Queen Elizabeth: Ahead of your Platinum Jubilee, I have just one thing to say: thank you, Ma'am – Christine Jardine MP

This week has seemed filled with memories as everywhere there are reminders of a woman who has been the one constant in our society for seven decades. The Queen.

The vast majority of us who will this weekend witness the extraordinary achievement that is the Platinum Jubilee have only ever known only one head of state, one monarch.

And amid all the reviews and assessments of her reign, it is difficult not to reflect on our own experiences and the impact she might have had.

Not all the Royal visits, weddings and announcements that have punctuated the years, but the real, unseen influence.

As she has matured in her role, we have grown with her through good times and bad, as individuals and as a country.

And while that role throughout has been as a benign, constitutional figurehead, the impression it has made has been positive and far-reaching.

In 70 years, the Queen has given Royal Assent to around 4,000 pieces of legislation.

Among them are some of the most significant in British social history on abortion, race relations, equal rights, same-sex marriage and devolution.

Queen Elizabeth has been the only head of state many people in the UK have known (Picture: Jacob King-WPA pool/Getty Images)

Her Majesty has shared the crisis points and joyous moments of our history.

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In the Second World War, she served in the military as a truck mechanic and sneaked out of Buckingham Palace to share the victory celebrations on the streets of London.

At the height of the pandemic, her broadcast to the nation struck a vital common chord that eludes party politicians.

She has known and quietly counselled 14 Prime Ministers from Winston Churchill to Boris Johnson, presented the World Cup to England captain Bobby Moore, the Wimbledon trophy to Virginia Wade, and ‘parachuted’ into the opening ceremony of the 2012 Olympics. There were also memorable Commonwealth Games in Edinburgh and Glasgow.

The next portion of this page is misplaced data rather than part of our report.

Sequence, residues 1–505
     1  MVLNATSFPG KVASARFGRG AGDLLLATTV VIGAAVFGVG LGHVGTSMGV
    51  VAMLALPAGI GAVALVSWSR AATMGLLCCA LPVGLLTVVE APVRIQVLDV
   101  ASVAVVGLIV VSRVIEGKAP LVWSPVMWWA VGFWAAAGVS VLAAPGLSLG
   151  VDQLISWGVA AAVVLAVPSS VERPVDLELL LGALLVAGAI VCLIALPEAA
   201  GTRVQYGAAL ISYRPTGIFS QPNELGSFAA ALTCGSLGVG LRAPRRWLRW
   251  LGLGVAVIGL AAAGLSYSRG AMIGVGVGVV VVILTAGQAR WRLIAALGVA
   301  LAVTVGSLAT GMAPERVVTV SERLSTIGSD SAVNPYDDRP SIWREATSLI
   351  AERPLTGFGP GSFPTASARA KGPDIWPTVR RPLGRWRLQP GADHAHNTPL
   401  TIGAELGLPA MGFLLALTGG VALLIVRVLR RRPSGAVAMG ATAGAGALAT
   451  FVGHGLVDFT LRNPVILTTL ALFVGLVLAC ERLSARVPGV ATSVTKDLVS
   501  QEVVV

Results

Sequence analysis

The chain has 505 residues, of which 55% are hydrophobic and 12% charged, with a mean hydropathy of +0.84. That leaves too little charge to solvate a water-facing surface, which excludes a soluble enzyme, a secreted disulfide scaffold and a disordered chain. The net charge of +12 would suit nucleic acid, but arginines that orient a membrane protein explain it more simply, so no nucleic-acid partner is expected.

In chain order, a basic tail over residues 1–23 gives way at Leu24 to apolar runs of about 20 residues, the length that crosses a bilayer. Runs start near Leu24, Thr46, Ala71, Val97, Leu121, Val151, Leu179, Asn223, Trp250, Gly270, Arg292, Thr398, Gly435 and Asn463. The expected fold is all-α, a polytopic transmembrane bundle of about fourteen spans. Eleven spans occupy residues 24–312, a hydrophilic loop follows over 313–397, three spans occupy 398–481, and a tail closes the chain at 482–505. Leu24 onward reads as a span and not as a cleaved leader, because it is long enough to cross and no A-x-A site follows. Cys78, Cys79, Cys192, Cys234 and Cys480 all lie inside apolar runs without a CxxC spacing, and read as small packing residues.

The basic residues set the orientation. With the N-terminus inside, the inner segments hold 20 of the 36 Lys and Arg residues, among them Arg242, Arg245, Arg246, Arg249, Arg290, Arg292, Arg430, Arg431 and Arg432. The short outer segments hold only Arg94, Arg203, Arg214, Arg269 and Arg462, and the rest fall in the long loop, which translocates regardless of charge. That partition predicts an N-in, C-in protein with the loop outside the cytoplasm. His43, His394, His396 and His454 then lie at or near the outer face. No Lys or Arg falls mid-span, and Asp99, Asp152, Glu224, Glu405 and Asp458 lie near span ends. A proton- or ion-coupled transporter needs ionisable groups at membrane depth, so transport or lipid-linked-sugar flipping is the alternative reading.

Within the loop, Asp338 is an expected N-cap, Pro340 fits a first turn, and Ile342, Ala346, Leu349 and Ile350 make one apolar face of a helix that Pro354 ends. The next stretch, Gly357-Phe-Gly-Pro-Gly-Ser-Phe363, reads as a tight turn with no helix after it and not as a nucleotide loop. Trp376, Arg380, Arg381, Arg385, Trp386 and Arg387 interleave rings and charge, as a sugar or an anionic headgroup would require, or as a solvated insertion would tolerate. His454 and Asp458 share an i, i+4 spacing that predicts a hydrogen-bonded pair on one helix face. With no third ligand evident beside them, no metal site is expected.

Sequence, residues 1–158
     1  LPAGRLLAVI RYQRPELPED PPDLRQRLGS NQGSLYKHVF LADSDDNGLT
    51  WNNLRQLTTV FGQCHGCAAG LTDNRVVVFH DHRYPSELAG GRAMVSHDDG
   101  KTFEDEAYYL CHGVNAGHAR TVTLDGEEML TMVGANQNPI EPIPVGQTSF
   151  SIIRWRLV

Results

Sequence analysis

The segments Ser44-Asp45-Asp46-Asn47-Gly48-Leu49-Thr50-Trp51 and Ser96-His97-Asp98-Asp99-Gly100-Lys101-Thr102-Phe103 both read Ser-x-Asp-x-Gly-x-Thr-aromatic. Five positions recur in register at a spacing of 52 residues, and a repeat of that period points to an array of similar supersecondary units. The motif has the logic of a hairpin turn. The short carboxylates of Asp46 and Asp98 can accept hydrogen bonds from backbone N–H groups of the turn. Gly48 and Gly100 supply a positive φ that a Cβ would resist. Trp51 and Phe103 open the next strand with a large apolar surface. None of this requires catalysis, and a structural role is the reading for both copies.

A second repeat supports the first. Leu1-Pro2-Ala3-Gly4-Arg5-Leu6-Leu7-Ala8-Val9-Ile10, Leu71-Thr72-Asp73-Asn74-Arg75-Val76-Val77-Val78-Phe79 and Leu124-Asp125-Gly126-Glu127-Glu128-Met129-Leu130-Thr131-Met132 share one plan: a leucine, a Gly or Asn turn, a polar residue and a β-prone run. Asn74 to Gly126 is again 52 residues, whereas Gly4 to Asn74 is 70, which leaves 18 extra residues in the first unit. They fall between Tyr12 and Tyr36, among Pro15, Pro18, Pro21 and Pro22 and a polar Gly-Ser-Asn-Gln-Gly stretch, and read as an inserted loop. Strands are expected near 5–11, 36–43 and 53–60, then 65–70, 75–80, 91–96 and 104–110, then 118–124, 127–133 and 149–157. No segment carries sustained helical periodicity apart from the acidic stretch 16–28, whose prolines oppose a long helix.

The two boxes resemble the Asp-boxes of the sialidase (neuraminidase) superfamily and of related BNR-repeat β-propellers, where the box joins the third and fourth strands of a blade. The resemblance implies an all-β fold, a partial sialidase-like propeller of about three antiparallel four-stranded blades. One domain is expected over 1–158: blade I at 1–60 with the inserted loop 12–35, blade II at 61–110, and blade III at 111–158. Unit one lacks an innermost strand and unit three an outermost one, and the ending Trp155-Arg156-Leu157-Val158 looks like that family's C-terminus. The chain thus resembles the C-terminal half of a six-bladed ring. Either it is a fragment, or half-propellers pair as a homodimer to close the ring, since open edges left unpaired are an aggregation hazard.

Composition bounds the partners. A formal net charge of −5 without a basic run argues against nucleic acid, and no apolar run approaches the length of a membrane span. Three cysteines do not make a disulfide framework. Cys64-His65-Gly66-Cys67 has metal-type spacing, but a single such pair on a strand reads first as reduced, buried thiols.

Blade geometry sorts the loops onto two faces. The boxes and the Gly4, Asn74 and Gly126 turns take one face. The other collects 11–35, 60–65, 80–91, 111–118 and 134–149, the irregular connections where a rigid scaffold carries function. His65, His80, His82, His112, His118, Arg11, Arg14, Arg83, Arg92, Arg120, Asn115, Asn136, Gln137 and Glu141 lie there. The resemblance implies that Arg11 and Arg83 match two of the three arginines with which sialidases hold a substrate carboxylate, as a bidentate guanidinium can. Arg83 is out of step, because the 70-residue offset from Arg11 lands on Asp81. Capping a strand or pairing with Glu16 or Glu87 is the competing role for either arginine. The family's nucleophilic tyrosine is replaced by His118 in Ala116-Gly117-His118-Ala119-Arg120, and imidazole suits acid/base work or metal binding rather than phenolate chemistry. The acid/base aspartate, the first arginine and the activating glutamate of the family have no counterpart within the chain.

But in some ways, perhaps her biggest influence might have been simply the fact of being female. It’s hard to envisage now but when the then 26-year-old Princess Elizabeth ascended to the throne in 1952 there were only 17 female MPs.

The idea of one, never mind two female Prime Ministers, in her lifetime would have been unthinkable. Girls did not play football or rugby and the boardrooms of Britain were bereft of female influence.

Even in the ‘Swinging 60s’, a decade marked by social and sexual revolution in the UK, the perceived wisdom imparted to those of us at school was that the boys would be the doctors, engineers and lawyers. The girls would be nurses, teachers and secretaries until we stopped to have our babies.

Seems madness now, but that is the world our mothers had to deal with, and that we overcame or are at least overcoming.

How important has it been to that change that our head state, the image presented to the world and to us, has been a woman?

And while we have developed as a society, our individual experiences have changed too. In 1952, most families in Scotland lived in modest homes.

The outside toilet was still a fact of life for some and the air we breathed was thick with industrial pollution.

My grandparents could never have imagined that my generation of the family would live in multi-bathroom homes that we own, and that the tenement streets they knew would be renovated and transformed by the upwardly mobile.

I suspect they would also be intrigued at how the young girl they knew has become the loved and respected great grandmother that even the most fervent anti-royalist seems to have a soft spot for.

Perhaps that attachment has grown from the fact that the Queen also acts as a reminder to all of us of a generation, indeed more than one, that we have lost.

The generation who overcame the trials of the Second World War, and the one that then emerged to build modern Britain. The people we loved and have lost.

The already elderly relatives who reminisced about the coronation amidst the bunting of the Silver Jubilee. Sharing the sheer audacity of Brian May playing God Save the Queen on the roof of Buckingham Palace for the Golden Jubilee with my mother and my young daughter. Or the Diamond Jubilee which seemed then like a milestone unlikely to be surpassed.

Just last night, I was reminiscing with my daughter about her memories of the two Jubilees she has known. She is 26 now. The age the Queen was when she began the long journey to this coming weekend.

The thought stopped both of us in our tracks as we realised what a weight had been placed on young shoulders and how long she has carried it and that, beyond the bunting and afternoon teas and bringing together of friends and neighbours, we should remember the gravity of the weight of the duty. Heavy is the head that wears the crown.

On her coronation 70 years ago, Queen Elizabeth II said: “I have in sincerity pledged myself to your service, as so many of you are pledged to mine. Throughout all my life and with all my heart I shall strive to be worthy of trust… therefore I am sure that this, my Coronation, is not the symbol of a power and a splendour that are gone but a declaration of our hopes for the future, and for the years I may, by God’s Grace and Mercy, be given to reign and serve as your Queen.”

It’s a promise fulfilled and for all those in public service, a height we must always strive to reach. There is only thing that I find fitting to say in response.

Thank you, Ma’am.

Christine Jardine is the Scottish Liberal Democrat MP for Edinburgh West

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